Superman: Black is the new terrible.

A decade later, we should have seen it coming. Poor Superboy, once a rebel wearing a *gasp* black leather jacket (what a clever nod at the time: a super-hero who wore his tights underneath the mandated black leather!), was suddenly wearing a black t-shirt and blue jeans by 2002. Not just black, but also not even a super costume! Horrors! Is this the logical conclusion for "realism" in superhero comics? If I were to suddenly gain super powers, would I be limited to what was already hanging in my closet? (Smallville, I'm looking at you!)

Superboy: Black is for funerals.

Fortunately, there may be a happy end in sight to this terrible trend. Shortly after Superboy turned his back on spandex, he was killed in a battle with an alternate-universe Superboy. And the murderous mirror universe twin still wore his classic red, blue, and yellow tights! It's pretty hard to cheer for the "hero" when the "villain" is meeting out the cosmic justice for blatant uniform violation. I guess when the good guys wear black, the bad guys have to change with the times. (Maybe you should still be paying attention after all, Black Manta.)

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Since I'm already on the subject of football, let me say something here: I hate black uniforms. I know I've mentioned this in regards to UGA before. But last week, Oregon wore all black uniforms for their game vs Arizona. (Oregon's uniforms had silver wings on the shoulders. I shit you not.) And FSU wore black jerseys in their game against Boston College. "Maybe this all-black thing is getting a little out if hand," I think to myself.

Then I read that FSU was wearing their all black jerseys as a favor to Nike. (Thank you for your honesty, Bobby Bowden.) It's not uncommon to hear athletic programs espouse such PR bullshit as, "we're doing it for the fans," or "black helps us recruit." Clearly, that's not true. They're doing it for Nike. (Nike has uniform contracts with all 3 colorblind schools mentioned above.) So that Nike can sell more jerseys.

While I'd like to call Nike the devil here, I'm not quite that naive. In a capitalist economy, the ultimate power is in the hands of the consumer: if you don't like something, don't buy it and they'll stop selling it. If Nike keeps making black jerseys, it's probably because many someones somewhere are buying them. So my gripe ultimately ends with those fools who would like to wear the jersey of their favorite player, but only if that player's team colors are black. That totally says just about everything about America's obsession of the individual over the team, doesn't it.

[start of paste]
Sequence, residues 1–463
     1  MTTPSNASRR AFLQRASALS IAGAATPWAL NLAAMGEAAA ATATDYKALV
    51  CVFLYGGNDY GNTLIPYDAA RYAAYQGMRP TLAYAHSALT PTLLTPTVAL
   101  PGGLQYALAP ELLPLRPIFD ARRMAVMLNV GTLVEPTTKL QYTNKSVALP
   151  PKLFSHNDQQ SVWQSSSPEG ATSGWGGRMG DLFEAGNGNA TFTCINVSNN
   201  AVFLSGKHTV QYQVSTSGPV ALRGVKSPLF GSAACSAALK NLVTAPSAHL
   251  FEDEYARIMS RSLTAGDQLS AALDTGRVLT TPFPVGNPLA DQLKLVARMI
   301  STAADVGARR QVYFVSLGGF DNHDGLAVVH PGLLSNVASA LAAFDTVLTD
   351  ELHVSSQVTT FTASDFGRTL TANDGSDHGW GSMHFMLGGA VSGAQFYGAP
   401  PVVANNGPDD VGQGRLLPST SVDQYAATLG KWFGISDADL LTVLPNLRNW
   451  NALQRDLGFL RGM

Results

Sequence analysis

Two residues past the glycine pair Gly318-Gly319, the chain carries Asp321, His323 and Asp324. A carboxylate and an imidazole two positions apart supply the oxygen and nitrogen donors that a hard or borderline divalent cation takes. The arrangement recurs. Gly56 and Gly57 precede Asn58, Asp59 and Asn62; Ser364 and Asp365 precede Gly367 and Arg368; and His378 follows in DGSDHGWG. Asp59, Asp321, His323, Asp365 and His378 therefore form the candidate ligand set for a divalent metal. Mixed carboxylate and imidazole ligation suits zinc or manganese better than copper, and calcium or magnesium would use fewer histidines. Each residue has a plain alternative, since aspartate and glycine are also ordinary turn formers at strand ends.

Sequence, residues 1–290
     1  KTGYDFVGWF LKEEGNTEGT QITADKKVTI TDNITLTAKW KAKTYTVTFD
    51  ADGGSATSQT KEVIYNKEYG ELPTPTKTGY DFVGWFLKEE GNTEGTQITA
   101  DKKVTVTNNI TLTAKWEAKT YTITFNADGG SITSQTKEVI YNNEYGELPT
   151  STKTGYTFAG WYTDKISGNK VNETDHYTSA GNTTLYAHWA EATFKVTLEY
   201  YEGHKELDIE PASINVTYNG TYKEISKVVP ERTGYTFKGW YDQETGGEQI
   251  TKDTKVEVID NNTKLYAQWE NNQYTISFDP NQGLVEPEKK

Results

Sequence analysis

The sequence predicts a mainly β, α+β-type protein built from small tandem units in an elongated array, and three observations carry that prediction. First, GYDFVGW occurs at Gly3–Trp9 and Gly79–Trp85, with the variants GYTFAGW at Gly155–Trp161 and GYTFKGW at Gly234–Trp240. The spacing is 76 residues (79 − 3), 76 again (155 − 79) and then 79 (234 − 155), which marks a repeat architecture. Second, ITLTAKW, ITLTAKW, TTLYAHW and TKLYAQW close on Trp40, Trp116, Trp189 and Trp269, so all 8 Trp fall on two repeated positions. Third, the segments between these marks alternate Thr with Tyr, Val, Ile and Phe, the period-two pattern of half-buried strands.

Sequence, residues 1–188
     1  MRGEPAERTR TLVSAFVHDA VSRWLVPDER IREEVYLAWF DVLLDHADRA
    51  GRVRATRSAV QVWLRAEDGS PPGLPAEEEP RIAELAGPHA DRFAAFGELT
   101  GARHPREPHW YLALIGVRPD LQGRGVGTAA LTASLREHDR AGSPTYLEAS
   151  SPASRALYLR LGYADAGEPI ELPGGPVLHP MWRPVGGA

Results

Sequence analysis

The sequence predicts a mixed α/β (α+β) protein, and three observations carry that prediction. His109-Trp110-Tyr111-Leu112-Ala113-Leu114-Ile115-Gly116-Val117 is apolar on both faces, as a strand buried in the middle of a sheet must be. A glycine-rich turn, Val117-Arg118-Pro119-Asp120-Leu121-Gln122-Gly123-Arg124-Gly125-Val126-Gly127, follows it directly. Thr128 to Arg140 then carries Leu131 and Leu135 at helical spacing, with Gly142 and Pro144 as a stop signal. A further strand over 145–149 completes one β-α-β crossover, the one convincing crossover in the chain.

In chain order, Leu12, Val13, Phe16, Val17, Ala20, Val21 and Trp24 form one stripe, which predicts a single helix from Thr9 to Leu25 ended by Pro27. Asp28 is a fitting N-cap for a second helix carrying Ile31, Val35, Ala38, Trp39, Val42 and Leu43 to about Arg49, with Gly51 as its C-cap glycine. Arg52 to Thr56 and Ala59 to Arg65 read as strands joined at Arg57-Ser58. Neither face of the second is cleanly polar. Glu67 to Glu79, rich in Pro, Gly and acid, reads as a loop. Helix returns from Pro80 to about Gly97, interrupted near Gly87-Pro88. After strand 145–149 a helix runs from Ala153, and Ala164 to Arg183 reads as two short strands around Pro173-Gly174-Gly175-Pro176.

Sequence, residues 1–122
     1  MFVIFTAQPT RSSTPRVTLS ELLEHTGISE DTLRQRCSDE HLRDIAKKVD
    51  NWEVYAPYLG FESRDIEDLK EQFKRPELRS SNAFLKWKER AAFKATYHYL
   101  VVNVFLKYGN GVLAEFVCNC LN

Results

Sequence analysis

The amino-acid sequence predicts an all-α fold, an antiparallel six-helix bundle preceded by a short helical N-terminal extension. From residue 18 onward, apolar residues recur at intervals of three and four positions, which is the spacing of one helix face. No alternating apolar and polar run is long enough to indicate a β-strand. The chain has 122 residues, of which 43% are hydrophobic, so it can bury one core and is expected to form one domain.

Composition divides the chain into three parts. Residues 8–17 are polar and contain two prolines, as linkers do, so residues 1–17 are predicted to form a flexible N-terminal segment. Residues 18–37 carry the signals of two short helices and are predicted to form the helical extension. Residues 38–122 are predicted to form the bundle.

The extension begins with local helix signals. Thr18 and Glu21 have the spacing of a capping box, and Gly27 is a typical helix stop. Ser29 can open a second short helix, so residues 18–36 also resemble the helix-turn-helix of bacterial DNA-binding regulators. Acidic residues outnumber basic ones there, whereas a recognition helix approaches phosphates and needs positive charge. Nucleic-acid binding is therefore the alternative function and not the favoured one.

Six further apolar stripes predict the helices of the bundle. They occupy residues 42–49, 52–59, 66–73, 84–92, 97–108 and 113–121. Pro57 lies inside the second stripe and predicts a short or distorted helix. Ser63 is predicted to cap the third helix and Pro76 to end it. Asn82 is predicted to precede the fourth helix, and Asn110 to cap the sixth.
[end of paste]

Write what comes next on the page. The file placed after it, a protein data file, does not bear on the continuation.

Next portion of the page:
And if the people speak, the salesmen listen. I got the new NFL Holiday 2008 catalog in the mail today. Now, in addition to the abysmal pink jerseys ("with sugar glitter on front and back" -- I blame this sort of crap for my perpetual bachelorhood), you can now order "black & white jerseys." Sorry, Nike, but these jerseys are manufactured by Reebok. Which just goes to show you that for every bad idea, there's someone waiting to steal it.

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After watching waaay too much football this past weekend, I got to thinking about how football is under-represented in superhero comic books. That led me to thinking about who I'd recruit for my team if I I were to organize a football team from the DC Universe. (What do you mean you've never thought about super heroes playing football? Maybe you need to get a life.)

Of course, while introducing super powers to the game of football, I'd have to have a couple of ground rules in addition to standard American Football conventions. Rule 1: no flying. Flying with the ball would totally negate the passing game and eliminate the quarterback position. Rule 2: I'd also disallow any ranged tackling, either by sound waves, seismic assault, increased gravity, or whatnot. If you don't bring the ball carrier down with your body, it's just plain unsportsmanlike. Rule 3: all powers must be natural. No technological or biochemical enhancements, as that's an unfair advantage over the competition. Miraclo is the DCU equivalent to steroids, and Steel's power suit would be the equivalent of, well, a really nice set of pads with a lot of Stickum. (While organized football teams in the DC Universe do disqualify anyone with an active metagene, I'm not going to be that much of a stickler!) Unfortunately, Rule 3 means that Booster Gold, star quarterback of the 25th Century, is disqualified from my team.

I've also elected to eliminate aliens, gods (including Superman), New Gods, and time travelers from consideration for team membership, as aliens probably wouldn't know much about football, deities would never deign to play simple games, and I wouldn't trust time-travelers not to bet on the outcome of the game. (Sorry, Legion of Super-Heroes.) So I present to you my DCU football squad: